Why school districts and the left oppose the “Opportunity scholarship program”

| March 31, 2014

Bill Moore, Beaufort Observerby Bill Moore, Beaufort Observer, March 30, 2014.

Republicans at the state level are undergoing an attack from the Left over the opportunity Scholarship program for low income students. The most recent letter attacked Representative Bob Steinburg over this issue. I have decided not to make this a personal political attack that so often happens, and treat the issue as an Educator of many years. In the interest of full disclosure, I have been a teacher in NY  and a high school principal in both NY and in North Carolina. I have also held positions as a building delegate in a teachers union and served on the administrators’ union executive board at both the local and state level.

It is true the NC School Boards Association, and Teacher groups have united to fight the new pilot program. This pilot program allows 2400 low income students the opportunity to take their scholarship and go to another school that may be better suited for them and their parents may not be able to otherwise afford.

As  an educator, I support any attempt to help students who are not being successful in schools they currently attend. The truth is no matter how good a school is, it may not be the right fit for all students. Low income families have never had the ability to transfer their child to a school that better meets their needs. This pilot program begins to address those needs.

Qualifying students would get $4200/ year to help with tuition. Students could take that money and go to another school. They might be Private, Charter or even pay tuition to a different District that better meets the students needs.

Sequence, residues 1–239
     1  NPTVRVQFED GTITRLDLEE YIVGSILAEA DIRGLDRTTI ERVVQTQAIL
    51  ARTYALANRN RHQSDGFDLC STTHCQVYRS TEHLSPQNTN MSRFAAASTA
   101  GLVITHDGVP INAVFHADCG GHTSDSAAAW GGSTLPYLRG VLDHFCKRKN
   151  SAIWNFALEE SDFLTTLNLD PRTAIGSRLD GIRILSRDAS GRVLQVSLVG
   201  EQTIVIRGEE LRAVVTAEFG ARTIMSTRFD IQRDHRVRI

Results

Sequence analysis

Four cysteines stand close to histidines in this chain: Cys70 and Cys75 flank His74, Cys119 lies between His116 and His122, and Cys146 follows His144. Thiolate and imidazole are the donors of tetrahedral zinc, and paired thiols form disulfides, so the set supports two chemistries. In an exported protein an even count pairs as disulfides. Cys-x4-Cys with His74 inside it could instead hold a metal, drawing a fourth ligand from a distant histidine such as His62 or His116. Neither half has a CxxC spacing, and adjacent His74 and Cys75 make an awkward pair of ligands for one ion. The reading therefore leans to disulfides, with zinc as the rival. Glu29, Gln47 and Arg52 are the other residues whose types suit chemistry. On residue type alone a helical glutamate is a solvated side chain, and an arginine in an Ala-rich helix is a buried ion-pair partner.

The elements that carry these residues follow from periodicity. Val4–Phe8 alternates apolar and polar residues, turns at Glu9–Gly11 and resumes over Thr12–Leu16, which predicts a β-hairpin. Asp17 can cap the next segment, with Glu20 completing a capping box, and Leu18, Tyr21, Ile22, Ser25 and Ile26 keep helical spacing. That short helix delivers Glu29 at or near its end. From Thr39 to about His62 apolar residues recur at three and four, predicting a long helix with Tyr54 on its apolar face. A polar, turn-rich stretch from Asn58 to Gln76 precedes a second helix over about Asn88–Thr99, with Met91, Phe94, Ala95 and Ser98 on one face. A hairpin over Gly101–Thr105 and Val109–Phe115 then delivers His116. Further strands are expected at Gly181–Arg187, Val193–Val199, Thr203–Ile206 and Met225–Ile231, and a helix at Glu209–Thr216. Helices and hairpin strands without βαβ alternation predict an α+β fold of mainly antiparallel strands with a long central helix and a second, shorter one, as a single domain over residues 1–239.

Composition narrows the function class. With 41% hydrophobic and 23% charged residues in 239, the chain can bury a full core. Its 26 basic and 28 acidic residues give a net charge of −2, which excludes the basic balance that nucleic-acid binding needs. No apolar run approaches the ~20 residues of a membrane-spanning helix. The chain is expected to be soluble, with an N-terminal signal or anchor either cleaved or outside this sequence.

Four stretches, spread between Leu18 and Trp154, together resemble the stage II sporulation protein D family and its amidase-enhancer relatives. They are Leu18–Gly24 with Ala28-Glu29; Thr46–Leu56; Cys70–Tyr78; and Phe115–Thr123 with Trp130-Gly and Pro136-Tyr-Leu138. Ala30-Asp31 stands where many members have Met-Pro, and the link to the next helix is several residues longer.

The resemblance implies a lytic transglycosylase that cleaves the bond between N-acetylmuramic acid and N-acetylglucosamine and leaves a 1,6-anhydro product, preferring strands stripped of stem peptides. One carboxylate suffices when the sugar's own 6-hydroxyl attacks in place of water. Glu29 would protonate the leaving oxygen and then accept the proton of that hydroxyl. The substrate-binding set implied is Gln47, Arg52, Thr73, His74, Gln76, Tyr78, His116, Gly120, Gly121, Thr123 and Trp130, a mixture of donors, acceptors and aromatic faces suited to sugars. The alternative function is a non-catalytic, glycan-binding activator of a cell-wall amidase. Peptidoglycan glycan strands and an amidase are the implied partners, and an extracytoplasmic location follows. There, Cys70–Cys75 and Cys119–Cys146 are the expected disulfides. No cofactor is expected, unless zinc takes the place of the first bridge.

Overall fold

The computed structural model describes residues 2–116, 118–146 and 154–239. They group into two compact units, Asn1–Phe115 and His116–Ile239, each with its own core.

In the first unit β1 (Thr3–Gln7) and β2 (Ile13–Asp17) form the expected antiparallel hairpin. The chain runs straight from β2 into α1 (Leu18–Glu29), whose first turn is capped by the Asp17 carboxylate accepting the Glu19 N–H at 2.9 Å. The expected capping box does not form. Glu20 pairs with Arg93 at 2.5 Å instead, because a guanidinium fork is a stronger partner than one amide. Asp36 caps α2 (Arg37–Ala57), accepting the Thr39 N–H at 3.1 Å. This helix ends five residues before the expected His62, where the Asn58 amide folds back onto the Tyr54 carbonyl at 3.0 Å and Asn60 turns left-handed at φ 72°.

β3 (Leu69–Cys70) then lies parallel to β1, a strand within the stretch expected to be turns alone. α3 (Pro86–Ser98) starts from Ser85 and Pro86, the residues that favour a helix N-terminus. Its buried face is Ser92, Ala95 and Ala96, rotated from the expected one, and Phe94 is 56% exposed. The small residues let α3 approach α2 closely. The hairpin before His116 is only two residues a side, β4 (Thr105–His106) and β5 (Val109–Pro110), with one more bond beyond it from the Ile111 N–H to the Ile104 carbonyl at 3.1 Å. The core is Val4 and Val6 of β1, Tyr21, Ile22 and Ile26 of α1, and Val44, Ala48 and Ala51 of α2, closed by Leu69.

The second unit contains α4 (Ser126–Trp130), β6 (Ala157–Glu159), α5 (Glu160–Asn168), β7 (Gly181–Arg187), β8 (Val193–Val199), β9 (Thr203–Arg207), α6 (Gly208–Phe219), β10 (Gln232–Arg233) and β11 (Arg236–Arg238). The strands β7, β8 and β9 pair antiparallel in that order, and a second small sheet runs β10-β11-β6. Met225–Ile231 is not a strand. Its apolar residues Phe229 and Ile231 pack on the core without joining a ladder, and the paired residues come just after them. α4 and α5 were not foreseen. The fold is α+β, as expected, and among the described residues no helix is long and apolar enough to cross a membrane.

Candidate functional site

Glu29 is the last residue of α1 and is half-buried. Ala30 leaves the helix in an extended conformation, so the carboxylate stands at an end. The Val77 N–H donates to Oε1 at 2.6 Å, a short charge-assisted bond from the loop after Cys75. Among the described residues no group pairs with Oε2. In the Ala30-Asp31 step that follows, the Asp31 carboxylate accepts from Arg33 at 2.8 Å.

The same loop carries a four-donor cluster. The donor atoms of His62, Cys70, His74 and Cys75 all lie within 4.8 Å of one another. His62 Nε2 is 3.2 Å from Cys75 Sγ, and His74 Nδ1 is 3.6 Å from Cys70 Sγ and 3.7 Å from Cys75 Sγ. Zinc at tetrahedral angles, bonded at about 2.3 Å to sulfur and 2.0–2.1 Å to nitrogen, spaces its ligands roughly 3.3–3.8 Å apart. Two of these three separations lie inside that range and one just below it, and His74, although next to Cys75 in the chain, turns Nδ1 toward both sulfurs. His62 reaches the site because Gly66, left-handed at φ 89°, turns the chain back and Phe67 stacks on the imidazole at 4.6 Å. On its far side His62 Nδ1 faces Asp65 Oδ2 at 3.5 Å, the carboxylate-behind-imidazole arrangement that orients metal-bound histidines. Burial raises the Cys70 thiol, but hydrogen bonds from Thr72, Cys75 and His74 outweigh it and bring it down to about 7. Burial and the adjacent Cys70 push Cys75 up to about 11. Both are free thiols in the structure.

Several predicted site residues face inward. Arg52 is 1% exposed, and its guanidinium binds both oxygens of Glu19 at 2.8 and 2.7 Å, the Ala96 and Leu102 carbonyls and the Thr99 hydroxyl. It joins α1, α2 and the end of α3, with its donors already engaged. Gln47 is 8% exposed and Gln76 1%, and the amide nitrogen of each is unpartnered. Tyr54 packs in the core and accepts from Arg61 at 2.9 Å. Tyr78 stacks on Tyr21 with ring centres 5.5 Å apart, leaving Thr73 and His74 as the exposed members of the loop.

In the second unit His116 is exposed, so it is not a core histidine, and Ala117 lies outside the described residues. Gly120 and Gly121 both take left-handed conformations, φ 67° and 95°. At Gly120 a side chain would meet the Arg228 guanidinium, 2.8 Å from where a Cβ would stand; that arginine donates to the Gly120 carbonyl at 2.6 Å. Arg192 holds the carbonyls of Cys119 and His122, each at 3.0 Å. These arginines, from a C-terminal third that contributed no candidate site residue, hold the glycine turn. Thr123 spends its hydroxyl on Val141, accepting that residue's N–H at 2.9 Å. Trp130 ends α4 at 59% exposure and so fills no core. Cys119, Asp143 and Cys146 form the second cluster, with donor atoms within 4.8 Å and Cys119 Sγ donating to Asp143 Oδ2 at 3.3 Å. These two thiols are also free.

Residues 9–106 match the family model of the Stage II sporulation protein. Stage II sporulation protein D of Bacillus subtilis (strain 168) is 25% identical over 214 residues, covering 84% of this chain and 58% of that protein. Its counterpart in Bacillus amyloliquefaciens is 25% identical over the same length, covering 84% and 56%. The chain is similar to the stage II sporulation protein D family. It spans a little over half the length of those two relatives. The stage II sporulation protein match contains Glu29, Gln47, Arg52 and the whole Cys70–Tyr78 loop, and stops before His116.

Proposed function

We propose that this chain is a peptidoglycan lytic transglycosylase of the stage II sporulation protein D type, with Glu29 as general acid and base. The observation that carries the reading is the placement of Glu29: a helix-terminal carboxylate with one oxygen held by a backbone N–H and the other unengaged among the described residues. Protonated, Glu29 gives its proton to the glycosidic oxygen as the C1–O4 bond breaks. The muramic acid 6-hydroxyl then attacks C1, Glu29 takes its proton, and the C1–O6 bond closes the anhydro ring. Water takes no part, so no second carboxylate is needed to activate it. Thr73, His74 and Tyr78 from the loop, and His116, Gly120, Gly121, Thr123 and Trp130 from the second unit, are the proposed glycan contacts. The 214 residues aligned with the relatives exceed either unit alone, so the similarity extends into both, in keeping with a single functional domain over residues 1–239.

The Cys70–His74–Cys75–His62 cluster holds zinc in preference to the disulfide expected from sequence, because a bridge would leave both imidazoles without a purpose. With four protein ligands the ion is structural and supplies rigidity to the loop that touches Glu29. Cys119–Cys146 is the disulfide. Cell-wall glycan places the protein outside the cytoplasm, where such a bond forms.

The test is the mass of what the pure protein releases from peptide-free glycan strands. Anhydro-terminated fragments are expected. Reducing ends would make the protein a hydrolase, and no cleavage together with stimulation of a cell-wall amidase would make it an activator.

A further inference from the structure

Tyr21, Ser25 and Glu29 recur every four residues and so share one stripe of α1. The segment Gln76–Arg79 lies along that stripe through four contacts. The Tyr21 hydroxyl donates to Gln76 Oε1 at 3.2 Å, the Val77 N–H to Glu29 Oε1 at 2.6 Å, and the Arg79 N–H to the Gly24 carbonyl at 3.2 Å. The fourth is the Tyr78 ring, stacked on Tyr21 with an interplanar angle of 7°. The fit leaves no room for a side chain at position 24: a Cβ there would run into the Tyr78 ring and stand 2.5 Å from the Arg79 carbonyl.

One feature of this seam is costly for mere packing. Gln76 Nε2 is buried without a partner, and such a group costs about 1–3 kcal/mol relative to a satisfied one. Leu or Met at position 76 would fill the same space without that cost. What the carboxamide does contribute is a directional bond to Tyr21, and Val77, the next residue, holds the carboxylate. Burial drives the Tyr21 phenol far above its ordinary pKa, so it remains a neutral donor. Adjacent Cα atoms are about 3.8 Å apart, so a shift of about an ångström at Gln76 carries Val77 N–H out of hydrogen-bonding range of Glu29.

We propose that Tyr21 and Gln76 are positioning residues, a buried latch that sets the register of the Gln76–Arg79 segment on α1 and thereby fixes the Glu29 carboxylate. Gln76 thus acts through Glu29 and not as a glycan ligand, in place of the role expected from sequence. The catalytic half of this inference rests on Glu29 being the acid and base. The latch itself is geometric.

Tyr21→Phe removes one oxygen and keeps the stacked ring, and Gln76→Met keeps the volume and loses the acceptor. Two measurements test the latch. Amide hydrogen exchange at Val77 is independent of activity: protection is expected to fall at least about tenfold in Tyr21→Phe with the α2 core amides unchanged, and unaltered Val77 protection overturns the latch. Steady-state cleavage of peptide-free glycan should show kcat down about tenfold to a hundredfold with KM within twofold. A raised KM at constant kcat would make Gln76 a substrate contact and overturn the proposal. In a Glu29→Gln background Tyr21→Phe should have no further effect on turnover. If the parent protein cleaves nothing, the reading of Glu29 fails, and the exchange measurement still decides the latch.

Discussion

If all I say is true why would School Boards and Educational Associations be against the program? Unfortunately the answer is financial. Districts are paid and allotted staff by the number of students attending. In NC we spend about $8800/child for education. If a child leaves the district to a new school, the $4200 is deducted from the school allotment and given to the new school. The District did not lose all the funds but has lost some of the funding as it left with the child. The real danger to them is if the pilot program becomes successful.  If low income students go to different settings and start to become highly successful, Districts will not only lose additional funds as it expands, but they  might be forced to look at the programs they offer students and revise them.

Districts do not want to lose any money as admittedly their budgets are generally tight. Educational Associations are afraid the loss of students/ tuition may cause teacher cuts as less may be necessary and might affect money to support the teaching staff with salaries or supplies. Please understand, I am not blaming this on the teachers in the classrooms. In my years at Holmes HS , I have never worked with a more dedicated or professional staff. As far as professional associations, it is the job of these unions/ professional groups  to protect their members jobs, interests and work for increased benefits. They do that well.